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Strategy prevents blindness in mice with retinal degeneration

Approach could guide research for inherited blindness treatment in humans

Published May 1, 2018 | Updated May 1, 2018

illustration of the eye's anatomy including iris and blood vessels
illustration of the eye's anatomy including iris and blood vessels

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DURHAM, N.C. -- More than 2 million people worldwide live with inherited and untreatable retinal conditions, including retinitis pigmentosa, which slowly erodes vision. 

Developing treatments is challenging for scientists, as these conditions are caused by more than 4,000 different gene mutations. But many of these mutations have something in common -- a propensity for creating misfolded proteins that cells in the eye can’t process. These proteins build up inside cells, killing them from the inside out.

Now Duke University scientists have shown that boosting the cells’ ability to process misfolded proteins could keep them from aggregating inside the cell. The researchers devised and tested the strategy in mice, significantly delaying the onset of blindness. Their findings are outlined in the journal Nature Communications

Their approach potentially could be used to prevent cell death in other neurodegenerative diseases, such as Huntington’s, Parkinson’s and Alzheimer’s, said Vadim Arshavsky, Ph.D., senior author of the paper and Helena Rubenstein Foundation Professor of Ophthalmology at the Duke University School of Medicine. 

“You can offer almost nothing in terms of treatment to a patient with retinitis pigmentosa or other inherited blindness today,” Arshavsky said. “This investigation provides evidence that enhancing the capacity of the cell to process misfolded proteins is worth pursuing. Another important piece is that inherited blindness is just a subset of a larger category of neurodegenerative diseases, so this concept could be tested in other conditions, as well.”

The Duke team collaborated with colleagues from the California Institute of Technology. They focused on the proteasome: machinery inside all cells that eliminates misfolded proteins. Arshavsky compares the barrel-shaped structure to a paper shredder, with the cutting elements hidden inside.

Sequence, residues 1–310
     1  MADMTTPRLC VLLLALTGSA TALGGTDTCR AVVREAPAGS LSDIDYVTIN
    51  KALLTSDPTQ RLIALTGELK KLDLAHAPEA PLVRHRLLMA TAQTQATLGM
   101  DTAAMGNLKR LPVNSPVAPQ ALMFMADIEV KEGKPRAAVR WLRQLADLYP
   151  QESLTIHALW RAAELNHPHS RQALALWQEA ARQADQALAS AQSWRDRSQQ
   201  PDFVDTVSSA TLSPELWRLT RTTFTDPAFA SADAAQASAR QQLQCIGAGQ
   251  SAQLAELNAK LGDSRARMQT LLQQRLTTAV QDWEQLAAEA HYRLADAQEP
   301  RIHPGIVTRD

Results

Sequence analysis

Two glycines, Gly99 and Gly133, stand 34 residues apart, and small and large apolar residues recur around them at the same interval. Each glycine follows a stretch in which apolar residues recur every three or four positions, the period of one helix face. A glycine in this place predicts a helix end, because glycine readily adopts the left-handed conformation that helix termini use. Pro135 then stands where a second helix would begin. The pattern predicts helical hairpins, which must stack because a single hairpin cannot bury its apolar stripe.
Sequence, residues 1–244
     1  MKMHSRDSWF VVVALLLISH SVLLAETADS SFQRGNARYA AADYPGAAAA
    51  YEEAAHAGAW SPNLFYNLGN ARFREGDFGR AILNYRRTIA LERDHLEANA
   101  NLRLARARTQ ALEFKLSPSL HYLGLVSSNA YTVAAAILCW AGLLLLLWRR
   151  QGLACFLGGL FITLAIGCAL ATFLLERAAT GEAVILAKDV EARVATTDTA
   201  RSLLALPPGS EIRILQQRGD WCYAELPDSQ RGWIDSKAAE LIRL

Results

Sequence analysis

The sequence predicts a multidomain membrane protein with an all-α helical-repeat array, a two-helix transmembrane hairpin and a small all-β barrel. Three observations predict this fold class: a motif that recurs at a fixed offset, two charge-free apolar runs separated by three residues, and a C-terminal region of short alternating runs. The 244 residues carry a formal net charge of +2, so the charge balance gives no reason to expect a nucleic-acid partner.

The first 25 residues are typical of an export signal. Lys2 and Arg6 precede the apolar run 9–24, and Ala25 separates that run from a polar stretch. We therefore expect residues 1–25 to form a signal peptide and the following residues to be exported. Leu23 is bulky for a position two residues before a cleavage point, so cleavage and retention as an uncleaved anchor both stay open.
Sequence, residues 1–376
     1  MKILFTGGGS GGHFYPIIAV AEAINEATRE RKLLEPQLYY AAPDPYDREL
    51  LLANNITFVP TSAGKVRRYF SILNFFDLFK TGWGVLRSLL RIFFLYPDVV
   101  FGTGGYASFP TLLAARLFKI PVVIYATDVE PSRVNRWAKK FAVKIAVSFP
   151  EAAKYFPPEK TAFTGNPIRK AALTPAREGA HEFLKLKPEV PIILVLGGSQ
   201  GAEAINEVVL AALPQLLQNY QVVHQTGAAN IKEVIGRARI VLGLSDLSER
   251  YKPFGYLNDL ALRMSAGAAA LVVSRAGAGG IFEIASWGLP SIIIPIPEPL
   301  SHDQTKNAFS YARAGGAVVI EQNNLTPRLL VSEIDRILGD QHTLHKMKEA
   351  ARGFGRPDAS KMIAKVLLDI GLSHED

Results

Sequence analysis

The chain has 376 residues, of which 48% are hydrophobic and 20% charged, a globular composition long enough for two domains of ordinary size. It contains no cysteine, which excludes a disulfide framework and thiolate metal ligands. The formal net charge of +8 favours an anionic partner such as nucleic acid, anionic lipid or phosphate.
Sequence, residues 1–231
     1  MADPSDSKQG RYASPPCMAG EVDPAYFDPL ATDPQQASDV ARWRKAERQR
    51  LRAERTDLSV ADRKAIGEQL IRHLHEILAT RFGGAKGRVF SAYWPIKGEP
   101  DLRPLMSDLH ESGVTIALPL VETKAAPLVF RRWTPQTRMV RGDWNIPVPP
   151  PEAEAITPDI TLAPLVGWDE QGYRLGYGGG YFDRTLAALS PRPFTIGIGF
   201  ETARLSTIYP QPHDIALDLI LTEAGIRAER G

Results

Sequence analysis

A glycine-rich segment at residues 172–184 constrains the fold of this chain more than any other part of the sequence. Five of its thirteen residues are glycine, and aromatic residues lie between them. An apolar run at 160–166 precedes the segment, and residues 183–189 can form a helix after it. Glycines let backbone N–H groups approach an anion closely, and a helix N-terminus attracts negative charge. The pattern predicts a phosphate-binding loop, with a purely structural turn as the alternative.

Misfolded proteins must pass through a “lid” on the shredder to be processed, but cells in diseased mice do not have enough lids, enabling the buildup of the damaged proteins.

Instead of trying to alter the shredders, Arshavsky and his team genetically increased the quantities of lids for the shredders, allowing cells to process more misfolded proteins.

In trials, mice with added proteasome lids retained four times the number of functional retinal cells by adulthood than mice with the same form of retinitis pigmentosa, which went blind as adults.

The lids were introduced genetically in the line of lab mice. In humans, lids could potentially be added through gene therapy or drug compounds.

“If you can retain four times the number of the functional cells in the eye, that would mean decades more vision in a human patient,” Arshavsky said. “It’s not a complete cure, but it’s a tremendous delay. This type of treatment has the potential to defer the onset of blindness beyond the human lifespan.”

In addition to Arshavsky, study authors include Ekaterina S. Lobanova, Stella Finkelstein, Jing Li, Amanda M. Travis, Ying Hao, Mikael Klingeborn, Nikolai P. Skiba, and Raymond J. Deshaies.

The research was supported the National Institutes of Health (EY022959, EY05722), Duke University, Research to Prevent Blindness Inc., the Knights Templar Eye Foundation, the Howard Hughes Medical Institute, and Amgen. The authors declared no competing interests related to this research.

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